Cyber Warfare: The next Cold War
Cyber Warfare: The next Cold War

Spying has been around since the dawn of man, Carstensen says. Early tribes snooped on other tribes to learn where they found food. Today's sleuths also are looking for the same competitive advantage over their enemies – and even their allies.

In some countries, such as North Korea, students believed to have a propensity for math or technology are trained at an early age as cyber warriors. These academies provide the students with respectability and good pay. In China, for example, the Communist Party codified cyber warfare in 2010, and President Hu Jintao deemed cyber war a priority. Author and retired U.S. Marine Corps Lt. Col. William Hagestad says in an upcoming book that China bases its policies on the Art of War, Sun Tzu's doctrine written around 500 B.C., one of whose tenets is: Keep your friends close, but keep your enemies closer. Chinese officials, however, regularly deny they are involved in any cyber spying efforts.

In the United States, the military is also shifting its war strategy to further prioritize cyber efforts. The soldiers who pilot military drones over Pakistan and Afghanistan actually sit in control rooms at Creech Air Force Base in Nevada. This, Carstensen says, is not unlike cyber attackers who might work out of a hotel to conduct assaults.

However, the level of expertise of foreign cyber attackers varies widely from so-called script-kiddies, who download exploit software that is widely available on the internet, to experienced computer engineers who have either religious or political reasons for staging actions.

Some of these attacks are advanced persistent threats (APTs) that are designed to enter a computer system and perhaps sit dormant for a period of time. The intrusions are designed not to be noticed.

This tactic varies significantly from those of hacktivists, who attack websites with the expressed purpose of drawing attention to the site being breached. Some groups, such as Anonymous and LulzSec, have claimed credit for damage to sites they have compromised.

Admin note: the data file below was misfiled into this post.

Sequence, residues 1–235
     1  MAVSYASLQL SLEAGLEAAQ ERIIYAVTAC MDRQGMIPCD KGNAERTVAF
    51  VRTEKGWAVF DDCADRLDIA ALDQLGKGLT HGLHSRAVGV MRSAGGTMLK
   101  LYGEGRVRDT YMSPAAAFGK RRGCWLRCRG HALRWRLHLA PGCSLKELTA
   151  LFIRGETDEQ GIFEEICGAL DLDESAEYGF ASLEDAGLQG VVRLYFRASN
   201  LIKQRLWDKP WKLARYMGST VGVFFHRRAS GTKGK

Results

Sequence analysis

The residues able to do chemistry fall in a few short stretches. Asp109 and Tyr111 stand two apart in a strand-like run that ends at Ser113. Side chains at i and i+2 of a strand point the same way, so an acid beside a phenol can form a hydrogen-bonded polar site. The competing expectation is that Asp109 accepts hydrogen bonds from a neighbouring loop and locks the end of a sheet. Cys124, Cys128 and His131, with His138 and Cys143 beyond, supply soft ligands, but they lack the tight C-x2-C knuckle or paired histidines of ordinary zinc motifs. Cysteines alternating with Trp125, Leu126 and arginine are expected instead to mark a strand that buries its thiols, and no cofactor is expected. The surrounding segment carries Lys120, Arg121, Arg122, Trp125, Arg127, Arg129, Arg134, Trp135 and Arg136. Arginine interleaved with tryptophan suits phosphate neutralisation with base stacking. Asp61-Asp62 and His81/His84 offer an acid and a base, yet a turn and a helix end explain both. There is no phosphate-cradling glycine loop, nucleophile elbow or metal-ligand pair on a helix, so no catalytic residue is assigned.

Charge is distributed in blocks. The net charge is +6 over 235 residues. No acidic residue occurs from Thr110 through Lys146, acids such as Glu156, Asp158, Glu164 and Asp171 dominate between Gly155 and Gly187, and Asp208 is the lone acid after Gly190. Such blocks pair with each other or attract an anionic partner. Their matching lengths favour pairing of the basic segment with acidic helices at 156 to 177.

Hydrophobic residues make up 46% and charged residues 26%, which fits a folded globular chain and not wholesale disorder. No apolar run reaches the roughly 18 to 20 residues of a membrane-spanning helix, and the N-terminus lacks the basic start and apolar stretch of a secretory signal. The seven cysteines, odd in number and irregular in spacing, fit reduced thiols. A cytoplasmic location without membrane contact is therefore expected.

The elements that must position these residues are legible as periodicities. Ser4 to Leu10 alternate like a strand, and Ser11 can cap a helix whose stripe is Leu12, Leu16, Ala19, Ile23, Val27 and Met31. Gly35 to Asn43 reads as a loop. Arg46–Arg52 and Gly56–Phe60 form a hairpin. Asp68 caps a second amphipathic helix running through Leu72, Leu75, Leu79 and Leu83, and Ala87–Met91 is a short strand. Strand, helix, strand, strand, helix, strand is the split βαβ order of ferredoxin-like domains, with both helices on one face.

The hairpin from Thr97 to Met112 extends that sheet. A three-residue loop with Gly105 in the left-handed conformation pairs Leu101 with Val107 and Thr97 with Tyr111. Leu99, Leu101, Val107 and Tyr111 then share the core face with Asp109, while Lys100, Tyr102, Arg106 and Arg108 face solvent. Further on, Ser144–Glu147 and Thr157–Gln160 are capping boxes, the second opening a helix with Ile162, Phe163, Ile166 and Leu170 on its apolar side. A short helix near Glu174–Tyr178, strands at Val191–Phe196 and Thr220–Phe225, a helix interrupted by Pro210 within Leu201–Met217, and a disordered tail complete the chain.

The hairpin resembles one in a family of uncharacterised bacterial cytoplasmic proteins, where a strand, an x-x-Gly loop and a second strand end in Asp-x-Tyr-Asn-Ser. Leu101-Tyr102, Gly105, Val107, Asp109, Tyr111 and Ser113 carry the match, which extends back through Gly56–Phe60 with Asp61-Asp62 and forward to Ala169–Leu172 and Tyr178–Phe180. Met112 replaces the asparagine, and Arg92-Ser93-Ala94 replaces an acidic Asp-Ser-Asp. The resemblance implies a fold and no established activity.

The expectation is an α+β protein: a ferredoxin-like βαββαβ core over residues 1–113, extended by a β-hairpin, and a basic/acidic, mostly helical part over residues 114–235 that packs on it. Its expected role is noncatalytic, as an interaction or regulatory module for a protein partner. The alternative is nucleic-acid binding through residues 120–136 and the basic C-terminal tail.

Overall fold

Unlike hacktivists, cyber spies are so concerned about flying under the radar that once they successfully enter a target system, they actually  install security patches to ensure that other attackers are unable to access the system using the same vulnerability, says Daniel Teal, founder and chief technology officer of Austin, Texas-based CoreTrace and a former officer at the Air Force Information Warfare Center (AFIWC). By installing fixes, he says, the attacker will have the compromised systems all to themselves and will not have to worry about a sloppy rival alerting the IT manager that there has been a breach.

Admins might actually see their network performance improve while the attacker ensures that others are unable to infect the environment, Teal says. Because the attacker does not want to draw attention, they simply can leave a back door open so that the malware payload is not accidentally identified by the target network.

Toney Jennings, CEO of CoreTrace, adds that companies might have the equivalent of a “cyber atomic bomb” in the server that “is not doing anything bad today.” That bomb could be set off by an intruder at a later date, well after the initial breach took place. Additionally, he says companies purchasing mission-critical hardware should spot check the “guts” of the new systems, including all device drivers, for malicious code before putting them into production.

Most hardware and software today is developed outside U.S controls, so ensuring it is safe is a good business practice. “It's a valid bit of paranoia,” Jennings says.

Underscoring this concern, an FBI presentation last year detailed how counterfeit Cisco Systems networking equipment originating in China – including network routers, switches, gigabit interface converters and WAN interface cards – was being sold in the United States. “Operation Cisco Raider” resulted in the recovery of 3,500 pirated network devices valued at $3.5 million, James Finch, assistant director of the FBI's cyber division, has said.

Teal says he once discovered, by accident, a malicious device driver for a keyboard he purchased for his daughter's computer. The driver was sending personal information off his home network. He contacted the system manufacturer, Hewlett-Packard, and discovered that the kernel driver was written by a third party. Further investigations by Teal and HP determined that the manufacturer was sending data off the network simply to ensure an internet connection – a task that easily could have been accomplished by sending random data bits without using personal information.

When Bejtlich was the director of incident response at General Electric, the company had an estimated half-million computers, and no shortage of defensive technologies and staff. Even still, he says, with the full resources of a sophisticated IT team and a corporate leader who recognized the need for IT security, the company still was unable to maintain 100 percent effectiveness against intruders or persistent threats.